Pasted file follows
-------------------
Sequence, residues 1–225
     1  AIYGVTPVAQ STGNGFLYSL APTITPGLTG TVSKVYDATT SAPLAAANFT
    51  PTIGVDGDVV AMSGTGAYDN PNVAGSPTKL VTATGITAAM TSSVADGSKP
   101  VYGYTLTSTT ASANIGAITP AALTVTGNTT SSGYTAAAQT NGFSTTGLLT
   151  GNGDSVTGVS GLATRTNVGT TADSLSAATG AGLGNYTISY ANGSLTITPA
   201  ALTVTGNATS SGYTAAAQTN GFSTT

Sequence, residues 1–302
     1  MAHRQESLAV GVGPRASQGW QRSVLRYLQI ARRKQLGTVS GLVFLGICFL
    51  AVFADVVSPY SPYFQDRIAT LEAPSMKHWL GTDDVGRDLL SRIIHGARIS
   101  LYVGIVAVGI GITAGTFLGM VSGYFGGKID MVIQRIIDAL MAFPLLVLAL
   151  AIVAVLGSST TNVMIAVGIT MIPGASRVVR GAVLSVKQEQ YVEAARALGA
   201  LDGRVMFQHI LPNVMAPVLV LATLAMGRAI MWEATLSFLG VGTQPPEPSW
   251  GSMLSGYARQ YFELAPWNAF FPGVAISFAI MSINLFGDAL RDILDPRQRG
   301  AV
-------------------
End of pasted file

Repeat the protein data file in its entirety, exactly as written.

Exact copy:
Sequence, residues 1–225
     1  AIYGVTPVAQ STGNGFLYSL APTITPGLTG TVSKVYDATT SAPLAAANFT
    51  PTIGVDGDVV AMSGTGAYDN PNVAGSPTKL VTATGITAAM TSSVADGSKP
   101  VYGYTLTSTT ASANIGAITP AALTVTGNTT SSGYTAAAQT NGFSTTGLLT
   151  GNGDSVTGVS GLATRTNVGT TADSLSAATG AGLGNYTISY ANGSLTITPA
   201  ALTVTGNATS SGYTAAAQTN GFSTT

Sequence, residues 1–302
     1  MAHRQESLAV GVGPRASQGW QRSVLRYLQI ARRKQLGTVS GLVFLGICFL
    51  AVFADVVSPY SPYFQDRIAT LEAPSMKHWL GTDDVGRDLL SRIIHGARIS
   101  LYVGIVAVGI GITAGTFLGM VSGYFGGKID MVIQRIIDAL MAFPLLVLAL
   151  AIVAVLGSST TNVMIAVGIT MIPGASRVVR GAVLSVKQEQ YVEAARALGA
   201  LDGRVMFQHI LPNVMAPVLV LATLAMGRAI MWEATLSFLG VGTQPPEPSW
   251  GSMLSGYARQ YFELAPWNAF FPGVAISFAI MSINLFGDAL RDILDPRQRG
   301  AV